Sectarian tensions, already at a peak, were further inflamed yesterday in Iraq when bombers blew up a car in the Shiite holy city of Karbala, killing at least five and wounding 25.
The fresh attack came after more than 140 people were killed nationwide in a surge of sectarian blood-letting triggered by the bombing Wednesday of one of the holiest Shiite shrines in Samarra, north of Baghdad.
In another attempt to inflame the situation, bombers yesterday blew up a well-known Shiite tomb in Taz Khurmatu, in northern Iraq, police said.
The Karbala bombing targeted a busy shopping street in the west of the city as a police patrol passed by.
Three policemen were among those killed, said police who later announced that a suspect had been arrested.
The bombing posed a new challenge to authorities as they try to calm sectarian tensions.
In other violence, 12 farm laborers were shot to death in an orchard yesterday morning in Diyala province, northeast of Baghdad.
They included both Shiites and Sunnis, a relative of the victims said.
Police said that seven more bodies were found in Baghdad, four in the capital's Sunni Azamiyah district and three in the southeastern Kamaliyah district.
Two policemen were killed and five wounded when a bomb targeted the funeral procession west of Baghdad of a journalist killed on Wednesday in Samarra where she had gone to report on the shrine bombing, police said.
The procession had earlier also been shot at with one more policeman killed.
The government slapped a 20-hour curfew both Friday and yesterday on Baghdad and three more central provinces in a bid to keep demonstrations off the street. Petrol stations were closed.
Iraqi Prime Minister Ibrahim Jaafari also announced a clampdown on the carrying of weapons in public without a permit and a ban on demonstrations by armed men.
Army and police checkpoints sprung up mushroom-like in the streets of Baghdad yesterday forcing people to stay indoors.
The rising sectarian violence threatens to derail talks on setting up a government of national unity -- a move considered vital by the US in removing the sting from the insurgency raging in Sunni areas and paving the way for the withdrawal of its troops.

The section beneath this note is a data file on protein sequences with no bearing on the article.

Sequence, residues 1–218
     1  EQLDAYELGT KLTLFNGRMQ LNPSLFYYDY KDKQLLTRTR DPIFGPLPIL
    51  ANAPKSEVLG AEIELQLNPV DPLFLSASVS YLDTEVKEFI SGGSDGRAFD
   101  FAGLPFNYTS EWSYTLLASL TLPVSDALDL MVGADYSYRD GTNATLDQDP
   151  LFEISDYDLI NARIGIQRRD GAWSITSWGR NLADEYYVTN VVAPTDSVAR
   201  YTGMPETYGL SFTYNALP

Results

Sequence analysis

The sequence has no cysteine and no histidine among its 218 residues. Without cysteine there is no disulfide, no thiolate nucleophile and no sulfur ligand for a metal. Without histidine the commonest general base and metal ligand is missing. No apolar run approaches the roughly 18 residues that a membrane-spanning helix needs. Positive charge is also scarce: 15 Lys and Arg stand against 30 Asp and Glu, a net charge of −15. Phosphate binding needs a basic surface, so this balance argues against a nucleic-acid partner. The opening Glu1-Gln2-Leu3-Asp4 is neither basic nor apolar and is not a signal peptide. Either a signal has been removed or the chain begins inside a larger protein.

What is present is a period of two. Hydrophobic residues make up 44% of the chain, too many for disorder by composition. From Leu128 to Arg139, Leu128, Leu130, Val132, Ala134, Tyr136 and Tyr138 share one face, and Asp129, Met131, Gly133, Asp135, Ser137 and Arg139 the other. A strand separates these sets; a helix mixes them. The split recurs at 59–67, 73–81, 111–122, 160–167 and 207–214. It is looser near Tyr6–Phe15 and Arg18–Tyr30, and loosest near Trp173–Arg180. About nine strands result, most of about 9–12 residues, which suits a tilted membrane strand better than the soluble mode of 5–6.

US President George W. Bush acknowledged that the situation is serious.
"We can expect the coming days will be intense," he said in Washington on Friday.
"Iraq remains a serious situation. But I'm optimistic," Bush said.
In Shiite areas of central and southern Iraq, religious leaders appealed for restraint in their sermons on the Muslim day of rest on Friday.
"We must proclaim our commitment to live side by side, peacefully, and reject all violence to preserve the unity of the people," Abdel Mehdi al-Karbalai, a representative of the Shiite spiritual leader Grand Ayatollah Ali al-Sistani, said in Karbala.
Iraq's Construction Minister Jassem Mohammed Jaafar who toured the devastated Samarra shrine on Thursday gave the first assessment of the attack, saying he believed that it was the work of specialists.
"Holes were dug into the mausoleum's four main pillars and packed with explosives," he told state television.
"Then the charges were connected together and linked to another charge placed just under the dome. The wires were then linked to a detonator which was triggered at a distance," the minister added.